Stocks held their own Monday, even after the shocking demise of Bear Stearns. But the market no doubt benefited from the view of many investors that the Fed will deliver a hefty rate cut when it meets Tuesday.
Right now, traders are betting on a full point rate cut by the Fed, which would take the target Fed funds rate to 2 percent. Just Friday, the Fed funds futures showed traders believed the Fed would cut by 0.75 percent. But the weekend rescue of Bear Stearns in a Fed-engineered buyout by JP Morgan and other extraordinary moves by the Fed changed that view.
Two investment banks report earnings before the bell Tuesday, and that news will also be key in setting the course for markets. Other important news includes producer price inflation data, due at 8:30 a.m., and housing starts, also reported at 8:30 a.m.
One of the most encouraging events for stocks in recent sessions is the pricing Tuesday afternoon of the giant $18 billion Visa IPO. The offering is expected to price after the bell Tuesday, and start trading Wednesday. There has been some real investor excitement about the offering, which is expected to price between $37 and $42 per share.
Goldman is expected to report first quarter earnings of $2.58 per share, a decline of 61 percent, on revenues of $7.47 billion, a 41 percent decline. Lehman is expected to report earnings per share of $0.72, a 63 percent decline, on revenues of $3.351 billion, a 34 percent decrease.
The shares of financial institutions were under pressure Monday after the Bear Stearns news, with Wall Street's investment banks particularly hard hit. The S&P financial sector was down 1.5 percent.
Lehman stock was the most tattered of all the firms as an uncomfortable level of rumors swirled around its shares. The stock at some points during the day was down more than a third, and it traded on volume of 224 million shares, nearly eight times its 10 day average of 33 million shares.
Lehman battled back. CEO Richard Fuld said in a statement that the Fed's announcement Sunday that it would allow investment banks to use its discount window takes the liquidity issue "off the table for the entire industry." Previously, commercial banks were the only institutions that could use the Fed's short term borrowing window. Traders said the Fed's rule change was a big reason why stock trading was so orderly Monday.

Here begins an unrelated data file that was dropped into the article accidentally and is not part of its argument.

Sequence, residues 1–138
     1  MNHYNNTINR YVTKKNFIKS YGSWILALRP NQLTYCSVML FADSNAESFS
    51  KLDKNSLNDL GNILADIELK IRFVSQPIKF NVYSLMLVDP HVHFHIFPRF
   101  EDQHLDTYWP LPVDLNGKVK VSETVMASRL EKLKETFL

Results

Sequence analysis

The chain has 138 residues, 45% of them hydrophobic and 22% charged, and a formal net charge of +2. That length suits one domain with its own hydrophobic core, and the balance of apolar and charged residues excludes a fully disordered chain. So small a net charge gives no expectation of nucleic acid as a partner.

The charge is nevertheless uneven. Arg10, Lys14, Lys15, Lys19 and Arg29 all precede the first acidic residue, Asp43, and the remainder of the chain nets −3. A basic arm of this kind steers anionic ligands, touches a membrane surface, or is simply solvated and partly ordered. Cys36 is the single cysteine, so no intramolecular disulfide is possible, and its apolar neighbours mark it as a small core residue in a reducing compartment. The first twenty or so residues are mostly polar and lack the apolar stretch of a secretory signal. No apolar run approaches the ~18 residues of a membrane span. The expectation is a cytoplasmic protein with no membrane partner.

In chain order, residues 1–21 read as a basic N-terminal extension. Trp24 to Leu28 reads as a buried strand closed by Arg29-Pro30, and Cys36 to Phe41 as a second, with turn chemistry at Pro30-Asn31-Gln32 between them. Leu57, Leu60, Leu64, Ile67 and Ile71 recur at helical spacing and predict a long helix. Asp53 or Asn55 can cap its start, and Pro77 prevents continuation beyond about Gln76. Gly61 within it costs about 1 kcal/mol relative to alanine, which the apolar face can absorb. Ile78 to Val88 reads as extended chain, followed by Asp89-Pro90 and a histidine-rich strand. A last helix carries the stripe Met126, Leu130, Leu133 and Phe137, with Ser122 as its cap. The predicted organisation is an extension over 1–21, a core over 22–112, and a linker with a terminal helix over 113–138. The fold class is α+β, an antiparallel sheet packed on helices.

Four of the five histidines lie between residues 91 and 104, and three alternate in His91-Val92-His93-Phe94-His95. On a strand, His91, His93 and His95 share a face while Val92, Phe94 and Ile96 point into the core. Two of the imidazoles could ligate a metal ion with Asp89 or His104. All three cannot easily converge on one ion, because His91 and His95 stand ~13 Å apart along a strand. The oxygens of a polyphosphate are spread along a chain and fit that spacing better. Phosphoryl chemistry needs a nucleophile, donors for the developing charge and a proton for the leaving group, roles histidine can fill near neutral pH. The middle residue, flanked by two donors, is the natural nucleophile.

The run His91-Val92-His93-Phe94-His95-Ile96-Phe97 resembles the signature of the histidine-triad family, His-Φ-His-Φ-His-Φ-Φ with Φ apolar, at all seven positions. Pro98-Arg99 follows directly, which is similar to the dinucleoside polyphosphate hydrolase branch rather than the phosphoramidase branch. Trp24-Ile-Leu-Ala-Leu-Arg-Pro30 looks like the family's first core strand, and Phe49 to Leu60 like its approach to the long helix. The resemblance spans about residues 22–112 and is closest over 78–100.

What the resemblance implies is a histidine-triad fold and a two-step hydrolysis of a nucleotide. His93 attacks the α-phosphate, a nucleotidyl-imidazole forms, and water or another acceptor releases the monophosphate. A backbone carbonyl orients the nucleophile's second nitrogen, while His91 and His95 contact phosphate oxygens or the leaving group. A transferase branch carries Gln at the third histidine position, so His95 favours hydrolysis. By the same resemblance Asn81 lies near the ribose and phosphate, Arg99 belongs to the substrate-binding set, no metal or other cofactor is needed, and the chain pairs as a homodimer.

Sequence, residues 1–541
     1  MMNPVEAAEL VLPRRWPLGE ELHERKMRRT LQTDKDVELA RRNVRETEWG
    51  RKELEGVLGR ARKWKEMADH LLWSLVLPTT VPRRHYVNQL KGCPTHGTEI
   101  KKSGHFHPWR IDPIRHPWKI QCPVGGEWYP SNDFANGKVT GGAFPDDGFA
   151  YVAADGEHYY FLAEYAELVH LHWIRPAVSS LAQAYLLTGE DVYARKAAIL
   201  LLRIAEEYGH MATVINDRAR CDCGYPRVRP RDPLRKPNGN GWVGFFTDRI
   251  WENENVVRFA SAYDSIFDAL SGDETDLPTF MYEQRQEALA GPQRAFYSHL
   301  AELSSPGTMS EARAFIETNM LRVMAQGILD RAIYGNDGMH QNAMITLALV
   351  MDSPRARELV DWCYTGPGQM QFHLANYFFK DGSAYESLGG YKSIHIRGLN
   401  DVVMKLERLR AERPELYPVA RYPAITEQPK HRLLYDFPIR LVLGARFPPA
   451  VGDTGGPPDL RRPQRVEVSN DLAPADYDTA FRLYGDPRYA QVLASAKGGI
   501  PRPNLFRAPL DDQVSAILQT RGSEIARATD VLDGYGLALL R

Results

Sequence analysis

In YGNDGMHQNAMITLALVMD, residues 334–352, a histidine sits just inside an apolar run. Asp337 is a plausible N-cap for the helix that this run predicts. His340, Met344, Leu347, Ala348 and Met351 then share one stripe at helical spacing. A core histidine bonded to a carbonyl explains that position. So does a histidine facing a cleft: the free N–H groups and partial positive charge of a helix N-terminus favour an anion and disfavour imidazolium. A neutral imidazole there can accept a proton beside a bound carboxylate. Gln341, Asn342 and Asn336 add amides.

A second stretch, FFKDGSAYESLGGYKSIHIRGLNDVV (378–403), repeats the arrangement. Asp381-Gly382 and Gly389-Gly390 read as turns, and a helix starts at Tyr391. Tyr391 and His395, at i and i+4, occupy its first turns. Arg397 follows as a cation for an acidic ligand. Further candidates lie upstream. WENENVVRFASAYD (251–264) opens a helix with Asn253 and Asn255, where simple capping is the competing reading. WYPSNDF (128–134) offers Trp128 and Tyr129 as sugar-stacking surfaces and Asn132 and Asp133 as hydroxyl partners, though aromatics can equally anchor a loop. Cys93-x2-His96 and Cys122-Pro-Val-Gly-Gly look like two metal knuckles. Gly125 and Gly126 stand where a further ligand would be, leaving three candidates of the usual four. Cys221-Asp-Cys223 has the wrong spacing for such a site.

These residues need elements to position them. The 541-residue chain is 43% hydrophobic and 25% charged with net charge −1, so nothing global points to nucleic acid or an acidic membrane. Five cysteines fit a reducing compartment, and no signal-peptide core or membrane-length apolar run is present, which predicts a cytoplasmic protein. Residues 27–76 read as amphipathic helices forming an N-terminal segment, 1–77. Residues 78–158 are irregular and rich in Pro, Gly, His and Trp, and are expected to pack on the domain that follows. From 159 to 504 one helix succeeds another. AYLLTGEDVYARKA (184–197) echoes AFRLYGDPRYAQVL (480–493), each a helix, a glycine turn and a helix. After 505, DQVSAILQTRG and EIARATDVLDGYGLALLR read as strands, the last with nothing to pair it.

Lehman's CFO Erin Callan is expected to appear on "Closing Bell" Tuesday.
Deutsche Bank chief U.S. economist Joe LaVorgna is one who changed his view on the Fed and rate cuts over the weekend. He now expects a full point rate cut when the Fed announces its decision at 2:15 p.m. "The only way I could see the Fed not going 100 (a full point) is if they accompany the 75 cut with their intention to purchase GSE debt, Fannie and Freddie debt," he said.
Speaking of Fannie Mae and Freddie Mac , the Wall Street Journal was reporting late Monday that the Office of Federal Housing Enterprise Oversight is close to reducing capital requirements for the two companies, a move that would give the firms more flexibility in buying mortgages.
"Look at the Fed's action. They basically are telling you they are going to do something dramatic. I don't think 0.75 is particularly dramatic anymore. I think it has been priced into the market," he said.
LaVorgna said the Fed's statement will likely note that there's still downside risk. "The Fed is not going to worry about inflation. It's going to worry about growth...we're not out of the woods yet," he said.
The Dow finished 21 points higher at 11,972, after a nearly 200 point swoon. The Dow is now down 9.9 percent since the start of the year and 2.1 percent from a year ago. The Nasdaq though was bloodied in Monday's trading, scoring a 1.6 percent, or 35 point decline. Nasdaq is down 18 percent year-to-date and is off 9.1 percent in the past 52 weeks. The S&P 500 slipped 11 points to 1276, a level 13 percent below where it started the year.
The Bear Stearns story ratcheted up anxiety about risk in the market, despite equities relatively tame reaction. Treasury yields fell as buyer moved into the safety of Treasurys. The 10-year was yielding 3.314 percent, and the yield on the two-year slipped to 1.333 percent, its lowest level since July, 2003.
The dollar continued its weakening trend, losing 0.5 percent against the Euro and 2 percent against the yen .
Some of the real action though was in the commodities markets where sellers dumped energy, grains and metals (with the exception of gold). Gold finished at $1001.40 per troy ounce, up 0.3 percent.
Crude oil fell 4.1 percent to $105.68 a barrel. Gasoline fell 6.9 percent and natural gas fell 7.8 percent. Silver fell 1.7 percent, copper fell 3.5 percent. Soybeans, corn and wheat all fell sharply and sugar and coffee fell more than 10 percent.
Joseph Terranova, partner at Thelogicaltrader.net, said commodities prices could get a lift from the Fed's rate action Tuesday, but watch out Wednesday and Thursday.
"When market conditions get like they did this morning, you need to pare back and take a fresh look," said Terranova. He said it's time to reduce some risk from portfolios, but investors should look to add to positions heading into the second quarter. He expects commodities to be flattish for a while.
"I'm going to wait and see what Bernanke gives the street. I'll come back a week from today and we'll be putting stuff back in place ... But the oil story is not over," he said.
8:30 Producer prices, expected +0.3 percent
8:30 Housing starts, expected 999,000
8:30 Building permits
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